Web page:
At a meeting between Regional District of East Kootenay (RDEK) Area F director Wendy Booth and the B.C. Ministry of Forest Lands and Natural Resource Operations at this fall’s Union of British Columbia Municipalities (UBCM) convention, Booth had asked that money from the sale of foreshore land along Lake Windermere come back to the area in some appropriate form, but was told there currently is no mechanism to divert funds from provincial government general revenue.
“Having said that, there may be the possibility of other means of finding some funds, either through the Ministry of Forest Land and Natural Resources Operations or perhaps the Ministry of Transportation and Infrastructure. This is something that I am following up on,” said Booth.
The meeting sprang from recent referrals to the RDEK for the purchase of foreshore for four properties (as well as a fifth referral, which came in during the last month since The Echo last reported on the issue), all along the Lower Lakeview Road on the eastern shore of Lake Windermere.
In each of the five cases, homeowners had homes that were essentially lakefront properties, but the foreshore (the actual sliver of land right along the lake) was technically still owned by the provincial government.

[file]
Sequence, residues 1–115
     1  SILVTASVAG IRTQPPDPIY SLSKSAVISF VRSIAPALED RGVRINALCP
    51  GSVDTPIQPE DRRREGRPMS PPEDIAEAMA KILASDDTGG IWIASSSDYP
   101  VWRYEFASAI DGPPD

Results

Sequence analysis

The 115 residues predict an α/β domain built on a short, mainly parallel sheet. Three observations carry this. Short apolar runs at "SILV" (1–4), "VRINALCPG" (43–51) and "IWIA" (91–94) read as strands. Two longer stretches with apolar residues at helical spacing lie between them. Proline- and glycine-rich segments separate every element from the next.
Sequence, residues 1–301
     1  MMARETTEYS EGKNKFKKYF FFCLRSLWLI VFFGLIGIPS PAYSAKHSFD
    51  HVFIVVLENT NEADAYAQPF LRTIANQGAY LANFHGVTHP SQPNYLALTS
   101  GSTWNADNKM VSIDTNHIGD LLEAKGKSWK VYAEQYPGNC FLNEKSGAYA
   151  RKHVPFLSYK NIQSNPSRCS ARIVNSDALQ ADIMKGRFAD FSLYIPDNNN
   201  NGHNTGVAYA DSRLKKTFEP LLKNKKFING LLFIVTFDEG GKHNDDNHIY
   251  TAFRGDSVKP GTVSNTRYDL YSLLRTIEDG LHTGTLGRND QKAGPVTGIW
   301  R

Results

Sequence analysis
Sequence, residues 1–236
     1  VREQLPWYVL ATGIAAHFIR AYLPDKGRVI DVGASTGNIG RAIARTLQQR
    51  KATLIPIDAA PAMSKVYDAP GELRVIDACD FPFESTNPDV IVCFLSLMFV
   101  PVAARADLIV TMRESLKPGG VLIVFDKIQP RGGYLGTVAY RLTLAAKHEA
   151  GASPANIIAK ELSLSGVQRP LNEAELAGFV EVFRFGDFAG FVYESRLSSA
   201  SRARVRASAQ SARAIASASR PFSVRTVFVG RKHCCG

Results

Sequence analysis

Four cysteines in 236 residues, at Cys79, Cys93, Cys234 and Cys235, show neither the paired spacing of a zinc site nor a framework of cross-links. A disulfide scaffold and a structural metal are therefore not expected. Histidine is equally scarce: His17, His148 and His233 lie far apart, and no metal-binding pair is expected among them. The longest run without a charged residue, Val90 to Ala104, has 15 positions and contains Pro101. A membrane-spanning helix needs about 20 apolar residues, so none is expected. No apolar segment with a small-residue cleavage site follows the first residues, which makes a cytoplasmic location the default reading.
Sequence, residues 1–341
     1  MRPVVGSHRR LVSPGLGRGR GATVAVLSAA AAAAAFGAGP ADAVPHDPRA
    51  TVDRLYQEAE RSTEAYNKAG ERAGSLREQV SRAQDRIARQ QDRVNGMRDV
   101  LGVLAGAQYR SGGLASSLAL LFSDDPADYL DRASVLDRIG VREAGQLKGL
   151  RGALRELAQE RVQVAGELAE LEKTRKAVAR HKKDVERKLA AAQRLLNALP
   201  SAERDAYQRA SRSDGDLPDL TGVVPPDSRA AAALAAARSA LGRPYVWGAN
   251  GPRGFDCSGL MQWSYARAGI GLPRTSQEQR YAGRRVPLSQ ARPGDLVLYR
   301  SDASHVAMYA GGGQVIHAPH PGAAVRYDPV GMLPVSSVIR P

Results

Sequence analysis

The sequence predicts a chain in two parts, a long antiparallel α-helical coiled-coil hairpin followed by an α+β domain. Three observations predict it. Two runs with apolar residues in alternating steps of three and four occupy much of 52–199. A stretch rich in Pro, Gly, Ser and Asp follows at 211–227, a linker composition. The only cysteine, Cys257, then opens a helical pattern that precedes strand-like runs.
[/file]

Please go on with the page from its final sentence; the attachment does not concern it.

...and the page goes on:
The homeowners — perhaps not aware their properties didn’t extend right up to the lake to include the shore — have, in the years since they bought the properties, built structures such as boat houses, docks or retaining walls on land that technically belongs to the provincial government.
In some cases, these structures have been in places for many years.
“I’m not sure how old they are. However, I would guess that they are all more than 20 years old, some of them older,” said Booth. “My guess is that when they were built, there was no process to ask for permission to purchase the foreshore. There were leases in place and recently the Ministry of Forests Lands and Natural Resource Operations sent letters to property owners who hadn’t purchased the foreshore.”
These were then referred on to the RDEK. Once the purchases are complete, they will simply formally legalize existing use, making official a situation that has been in practice
for decades. Booth said it’s possible some property owners in the area many already own the foreshore, but she wasn’t sure how many.
The money from the purchases will go into the provincial government’s general revenues. At the meeting, Booth had hoped to convince the ministry that, since the money is coming from the Lake Windermere area, it should then flow back into the area.
She and other local officials had hoped to use the funds to upgrade public access sites around the lake.